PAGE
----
The Australian terrier is small, sturdy and medium-boned; it is long in proportion to height. This is a working terrier that should exhibit a ground-covering gait and hard condition. Its weatherproof coat is made up of a short, soft undercoat and a harsh, straight, outer coat, about 2.5 inches long, shorter on the tail and lower legs. It sports a ruff around the neck and a topknot of longer hair adds to its keen, intelligent expression.
One of the quieter terriers, the Aussie is nonetheless a plucky, tough character, ready to go after a rodent when the chance arises. It is fun-loving and adventurous, and needs daily exercise to keep it from becoming frustrated. It is clever and generally eager to please, making it one of the more obedient terriers. It gets along fairly well with other dogs and household pets. It is reserved with strangers. Reflecting its earth dog heritage, it does like to dig.
|Height||9-11 inches (23-28 cm)|
|Weight||9-14 pounds (4-6 kg)|
|Colors||Blue & Tan Red Sandy Blue|
|Good In Apartments||
The Australian Terrier is good for apartment living. It is fairly active indoors and will do okay without a yard provided it is taken for walks on a lead. They should not be allowed to roam free because they have a tendency to chase.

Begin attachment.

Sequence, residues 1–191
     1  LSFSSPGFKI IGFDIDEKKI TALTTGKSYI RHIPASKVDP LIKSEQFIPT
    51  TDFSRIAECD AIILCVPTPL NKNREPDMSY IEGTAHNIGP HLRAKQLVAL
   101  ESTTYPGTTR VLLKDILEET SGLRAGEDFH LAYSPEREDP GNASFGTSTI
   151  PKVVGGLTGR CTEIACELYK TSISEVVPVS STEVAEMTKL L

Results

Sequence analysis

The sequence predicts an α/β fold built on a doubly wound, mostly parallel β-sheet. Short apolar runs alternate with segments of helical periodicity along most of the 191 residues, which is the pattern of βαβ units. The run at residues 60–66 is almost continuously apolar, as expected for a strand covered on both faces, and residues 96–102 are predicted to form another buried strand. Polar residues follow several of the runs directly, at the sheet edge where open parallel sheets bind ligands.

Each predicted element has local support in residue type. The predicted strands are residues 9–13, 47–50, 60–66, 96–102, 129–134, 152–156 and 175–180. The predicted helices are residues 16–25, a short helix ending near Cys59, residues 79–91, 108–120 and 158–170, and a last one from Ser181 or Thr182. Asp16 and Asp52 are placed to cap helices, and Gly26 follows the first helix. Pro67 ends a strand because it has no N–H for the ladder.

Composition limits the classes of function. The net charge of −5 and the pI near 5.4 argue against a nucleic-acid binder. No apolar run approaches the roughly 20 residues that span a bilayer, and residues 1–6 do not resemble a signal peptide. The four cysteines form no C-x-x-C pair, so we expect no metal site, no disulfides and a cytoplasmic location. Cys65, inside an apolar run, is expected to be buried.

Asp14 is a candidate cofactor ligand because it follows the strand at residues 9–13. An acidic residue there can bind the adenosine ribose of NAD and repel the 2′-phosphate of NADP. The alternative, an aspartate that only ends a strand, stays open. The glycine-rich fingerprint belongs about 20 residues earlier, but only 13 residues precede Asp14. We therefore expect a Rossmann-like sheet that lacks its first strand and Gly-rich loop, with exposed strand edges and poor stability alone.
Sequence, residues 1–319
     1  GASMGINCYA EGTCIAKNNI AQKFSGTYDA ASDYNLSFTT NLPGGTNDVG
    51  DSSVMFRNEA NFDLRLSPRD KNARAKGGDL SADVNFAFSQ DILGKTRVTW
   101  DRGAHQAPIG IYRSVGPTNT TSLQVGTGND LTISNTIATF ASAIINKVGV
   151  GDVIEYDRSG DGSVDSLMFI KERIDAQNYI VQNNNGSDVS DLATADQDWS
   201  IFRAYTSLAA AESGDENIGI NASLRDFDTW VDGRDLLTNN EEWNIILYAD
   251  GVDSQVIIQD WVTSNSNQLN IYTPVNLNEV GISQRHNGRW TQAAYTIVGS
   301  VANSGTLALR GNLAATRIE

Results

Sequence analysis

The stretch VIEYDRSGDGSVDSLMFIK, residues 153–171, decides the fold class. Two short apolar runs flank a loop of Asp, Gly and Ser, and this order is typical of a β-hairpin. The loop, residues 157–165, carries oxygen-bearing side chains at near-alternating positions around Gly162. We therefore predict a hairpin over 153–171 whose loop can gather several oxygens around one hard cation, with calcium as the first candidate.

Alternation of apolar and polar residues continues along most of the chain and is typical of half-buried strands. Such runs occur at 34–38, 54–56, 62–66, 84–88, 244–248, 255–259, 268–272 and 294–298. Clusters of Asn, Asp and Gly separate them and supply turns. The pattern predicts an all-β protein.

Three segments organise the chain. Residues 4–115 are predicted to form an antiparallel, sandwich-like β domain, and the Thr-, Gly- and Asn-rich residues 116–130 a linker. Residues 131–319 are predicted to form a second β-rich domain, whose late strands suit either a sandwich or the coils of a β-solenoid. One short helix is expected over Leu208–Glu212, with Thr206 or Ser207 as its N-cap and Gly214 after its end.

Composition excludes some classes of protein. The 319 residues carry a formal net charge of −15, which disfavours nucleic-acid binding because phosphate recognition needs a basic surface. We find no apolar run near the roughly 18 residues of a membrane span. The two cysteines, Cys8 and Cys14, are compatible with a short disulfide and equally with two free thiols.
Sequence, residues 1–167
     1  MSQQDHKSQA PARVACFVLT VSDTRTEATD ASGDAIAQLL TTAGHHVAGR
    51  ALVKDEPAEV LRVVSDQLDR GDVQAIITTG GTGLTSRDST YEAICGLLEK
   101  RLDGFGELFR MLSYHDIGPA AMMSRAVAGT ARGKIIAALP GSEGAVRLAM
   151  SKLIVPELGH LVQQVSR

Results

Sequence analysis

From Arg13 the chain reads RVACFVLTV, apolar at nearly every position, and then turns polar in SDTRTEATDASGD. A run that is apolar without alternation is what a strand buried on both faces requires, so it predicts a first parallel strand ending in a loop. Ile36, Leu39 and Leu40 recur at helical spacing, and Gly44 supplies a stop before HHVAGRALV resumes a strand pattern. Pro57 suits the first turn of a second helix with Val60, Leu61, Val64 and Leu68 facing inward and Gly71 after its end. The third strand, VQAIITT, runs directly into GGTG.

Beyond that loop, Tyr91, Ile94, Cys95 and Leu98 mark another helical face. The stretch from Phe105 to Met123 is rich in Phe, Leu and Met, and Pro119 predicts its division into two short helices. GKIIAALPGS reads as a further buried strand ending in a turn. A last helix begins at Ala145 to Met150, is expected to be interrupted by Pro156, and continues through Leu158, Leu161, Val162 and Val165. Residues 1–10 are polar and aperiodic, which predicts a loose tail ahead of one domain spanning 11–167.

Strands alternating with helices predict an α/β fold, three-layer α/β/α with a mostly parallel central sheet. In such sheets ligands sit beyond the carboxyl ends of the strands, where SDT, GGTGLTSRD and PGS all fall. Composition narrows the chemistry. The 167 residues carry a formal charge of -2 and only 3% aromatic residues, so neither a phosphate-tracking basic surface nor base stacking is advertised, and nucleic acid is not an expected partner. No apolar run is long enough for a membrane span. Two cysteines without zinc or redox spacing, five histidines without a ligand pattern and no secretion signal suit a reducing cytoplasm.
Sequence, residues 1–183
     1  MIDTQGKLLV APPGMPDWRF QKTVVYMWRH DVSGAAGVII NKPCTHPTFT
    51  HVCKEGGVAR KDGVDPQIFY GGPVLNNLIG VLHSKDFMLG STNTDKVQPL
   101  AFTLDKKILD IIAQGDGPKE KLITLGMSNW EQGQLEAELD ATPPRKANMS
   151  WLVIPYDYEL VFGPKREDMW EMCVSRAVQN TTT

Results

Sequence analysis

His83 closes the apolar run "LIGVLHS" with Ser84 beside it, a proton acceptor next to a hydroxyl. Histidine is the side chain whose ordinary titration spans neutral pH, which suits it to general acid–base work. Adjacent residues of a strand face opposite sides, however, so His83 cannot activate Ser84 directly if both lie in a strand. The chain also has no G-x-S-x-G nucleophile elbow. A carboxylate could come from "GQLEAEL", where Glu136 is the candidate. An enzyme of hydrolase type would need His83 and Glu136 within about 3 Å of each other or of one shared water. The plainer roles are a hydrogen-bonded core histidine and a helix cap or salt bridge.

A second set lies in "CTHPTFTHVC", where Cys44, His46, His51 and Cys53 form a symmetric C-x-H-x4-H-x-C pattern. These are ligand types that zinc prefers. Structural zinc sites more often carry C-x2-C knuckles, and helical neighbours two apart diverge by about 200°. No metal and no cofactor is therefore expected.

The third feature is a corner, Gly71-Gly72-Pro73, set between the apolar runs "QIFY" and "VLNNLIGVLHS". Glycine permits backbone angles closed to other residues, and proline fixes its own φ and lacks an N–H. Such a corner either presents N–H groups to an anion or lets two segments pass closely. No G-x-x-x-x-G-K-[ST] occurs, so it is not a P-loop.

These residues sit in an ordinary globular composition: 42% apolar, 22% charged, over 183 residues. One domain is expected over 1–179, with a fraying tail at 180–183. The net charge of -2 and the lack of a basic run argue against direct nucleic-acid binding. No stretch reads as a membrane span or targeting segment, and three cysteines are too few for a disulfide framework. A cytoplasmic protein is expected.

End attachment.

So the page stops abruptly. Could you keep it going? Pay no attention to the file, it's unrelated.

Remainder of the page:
|Good With Children||
Good with Kids: This is a suitable breed for kids and is known to be playful, energetic, and affectionate around them.
|Good With Dogs||
|Good With Cats||
The Australian Terrier is an adaptable little dog that needs to be taken on a daily walk. They enjoy the chance to romp and play in a safe area.
Easy Training: The Australian Terrier sometimes has its own agenda, so training must be strict, but not harsh. Australian Terriers learn quickly and can pick up a number of tricks and activities. They excel at dog agility and earthdog competitions, in which they must scent and track prey through a series of underground tunnels.
Moderate Maintenance: There is nothing complicated about grooming an Australian Terrier. Brush his coat once a week with a soft slicker brush, trim his toenails once a month, and bathe him in mild shampoo as needed every three months or so. Check the ears once a week for dirt, redness, or a bad odor that can indicate an infection, then wipe out weekly using a cotton ball dampened with gentle ear cleaner recommended by your veterinarian to prevent problems.
Minimal Shedding: This dog will shed a negligible amount. Recommended for owners who do not want to deal with dog hair in their cars and homes.